Billions Flow to Even Most-Expensive Funds in ETF Cash Flood
(Bloomberg) -- This year’s enthusiasm for exchange-traded funds is so intense that even the most-expensive varieties are raking in cash.
Products charging 0.81% or more lured $11.2 billion in the first six months of 2021, according to data from Bloomberg Intelligence. Those are at the upper end of the pricing spectrum -- an average active equity ETF charges around 0.7%, and a typical passive one 0.5%. For fixed-income, it’s even cheaper.
The intake for pricey funds was the best-ever in a half-year period -- and a massive rebound from the $2.3 billion they lost in the last six months of 2020.
It’s slight compared to the $475 billion lured by all ETFs this year -- easily on course for a record -- but is testament to the ferocious appetite for products from the $6.5 trillion industry. As the economy recovers from the pandemic, investors are rushing to take part in the rebound.
“The ETF industry is looking more like a barbell,” said Nate Geraci, president of the ETF Store, an advisory firm. “On one end, we’re continuing to see monster flows into the lowest cost beta products. But on the other end, higher cost products with significant value propositions that do something different than a plain vanilla index are also seeing strong investor demand.”
The slate of pricey products attracting the most money reveals much of that demand is for high-risk, high-reward bets.
Three leveraged funds -- the ProSharea Ultra VIX Short-Term Futures ETF (ticker UVXY), the Direxion daily Semiconductors Bull 3x Shares ETF (SOXL) and the ProShares UltraPro Short QQQ (SQQQ) -- have each taken in more than $900 million this year.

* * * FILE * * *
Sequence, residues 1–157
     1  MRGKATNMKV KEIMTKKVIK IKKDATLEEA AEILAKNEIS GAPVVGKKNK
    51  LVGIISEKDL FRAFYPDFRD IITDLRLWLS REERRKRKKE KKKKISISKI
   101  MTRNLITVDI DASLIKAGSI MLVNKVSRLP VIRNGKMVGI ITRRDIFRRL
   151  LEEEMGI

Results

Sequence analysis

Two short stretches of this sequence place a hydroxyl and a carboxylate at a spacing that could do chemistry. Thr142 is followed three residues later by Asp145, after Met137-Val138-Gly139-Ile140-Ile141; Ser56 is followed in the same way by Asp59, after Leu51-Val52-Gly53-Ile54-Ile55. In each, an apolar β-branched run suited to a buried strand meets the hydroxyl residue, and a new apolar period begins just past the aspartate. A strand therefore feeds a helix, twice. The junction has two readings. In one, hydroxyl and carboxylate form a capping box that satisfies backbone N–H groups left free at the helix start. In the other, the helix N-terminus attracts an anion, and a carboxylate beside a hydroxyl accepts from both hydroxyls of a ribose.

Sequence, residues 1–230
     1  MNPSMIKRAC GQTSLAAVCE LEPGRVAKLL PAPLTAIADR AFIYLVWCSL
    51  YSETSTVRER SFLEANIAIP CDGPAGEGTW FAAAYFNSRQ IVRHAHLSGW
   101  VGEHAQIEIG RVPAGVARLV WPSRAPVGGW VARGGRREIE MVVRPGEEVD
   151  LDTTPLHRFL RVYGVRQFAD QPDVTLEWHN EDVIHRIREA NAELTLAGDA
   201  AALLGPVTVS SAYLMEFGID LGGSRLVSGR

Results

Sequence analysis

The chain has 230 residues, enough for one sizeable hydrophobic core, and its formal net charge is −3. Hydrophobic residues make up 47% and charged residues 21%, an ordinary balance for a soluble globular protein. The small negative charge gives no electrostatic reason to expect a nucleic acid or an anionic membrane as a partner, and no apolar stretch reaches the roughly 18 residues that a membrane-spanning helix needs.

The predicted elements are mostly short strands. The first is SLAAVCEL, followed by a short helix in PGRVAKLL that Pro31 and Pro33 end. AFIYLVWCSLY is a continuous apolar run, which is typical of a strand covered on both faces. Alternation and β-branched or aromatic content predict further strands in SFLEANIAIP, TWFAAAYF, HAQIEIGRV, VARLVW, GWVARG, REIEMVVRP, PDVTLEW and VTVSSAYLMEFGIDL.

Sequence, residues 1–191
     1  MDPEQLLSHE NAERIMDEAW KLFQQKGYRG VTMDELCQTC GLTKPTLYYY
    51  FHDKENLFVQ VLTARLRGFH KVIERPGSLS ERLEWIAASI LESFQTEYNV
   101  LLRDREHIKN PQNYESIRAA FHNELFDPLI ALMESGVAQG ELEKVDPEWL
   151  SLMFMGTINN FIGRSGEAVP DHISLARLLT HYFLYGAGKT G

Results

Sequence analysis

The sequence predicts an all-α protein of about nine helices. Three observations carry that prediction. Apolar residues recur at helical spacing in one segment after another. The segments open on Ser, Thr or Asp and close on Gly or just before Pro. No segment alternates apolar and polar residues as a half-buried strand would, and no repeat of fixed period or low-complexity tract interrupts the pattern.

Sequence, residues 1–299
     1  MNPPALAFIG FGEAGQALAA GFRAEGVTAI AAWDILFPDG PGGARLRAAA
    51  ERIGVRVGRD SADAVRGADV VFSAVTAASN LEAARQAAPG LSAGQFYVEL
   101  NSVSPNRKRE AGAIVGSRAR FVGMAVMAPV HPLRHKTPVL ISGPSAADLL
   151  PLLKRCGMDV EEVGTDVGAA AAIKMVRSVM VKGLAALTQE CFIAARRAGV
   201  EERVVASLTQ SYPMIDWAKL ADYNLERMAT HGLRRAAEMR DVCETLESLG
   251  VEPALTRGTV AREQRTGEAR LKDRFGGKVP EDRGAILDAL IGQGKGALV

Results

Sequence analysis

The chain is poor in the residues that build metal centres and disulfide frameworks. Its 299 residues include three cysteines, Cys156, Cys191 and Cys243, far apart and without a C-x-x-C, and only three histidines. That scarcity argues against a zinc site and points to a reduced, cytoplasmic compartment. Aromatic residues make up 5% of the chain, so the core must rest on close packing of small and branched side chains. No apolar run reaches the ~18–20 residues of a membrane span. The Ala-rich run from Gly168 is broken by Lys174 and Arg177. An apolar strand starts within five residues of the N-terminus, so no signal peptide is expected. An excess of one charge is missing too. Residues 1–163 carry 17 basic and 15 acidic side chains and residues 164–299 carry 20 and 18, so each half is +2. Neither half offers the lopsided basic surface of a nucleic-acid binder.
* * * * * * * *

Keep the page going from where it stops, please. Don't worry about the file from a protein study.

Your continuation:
Meanwhile, as investors look to cash in on a boom in raw materials, the Invesco DB Commodity Index Tracking Fund (DBC) and the First Trust Global Tactical Commodity Strategy Fund (FTGC) lured $690 million and $1.3 billion, respectively.
Cathie Wood’s slate of actively managed products are a tad cheaper but still pricey. Her flagship ARK Innovation ETF (ARKK) costs 0.75% and has managed to attract almost $7 billion so far in 2021, the ninth biggest total across the industry.
“It is also reflective of the move towards actively managed ETFs,” said Ben Johnson, Morningstar’s global director of ETF research. “You have seen that manifest into large flows recently into the Ark family of ETFs, which charge fees many multiple of those total stock market and bond market trackers.”
Two-thirds of all ETFs have taken in fresh cash this year, according to a report from Bloomberg Intelligence. It’s one reason that new funds have been launching at a breathless pace, while closures have been rare.
Overall, cheap prices seem to remain the biggest magnet for investors. Almost $254 billion -- more than half the total inflows this year -- has flocked to products charging 0.1% or less.
“I don’t think low-cost, broad-based market trackers are in any way affected by what we see going on in relatively more expensive ones,” Johnson said. “It’s in many cases a different investor base.”
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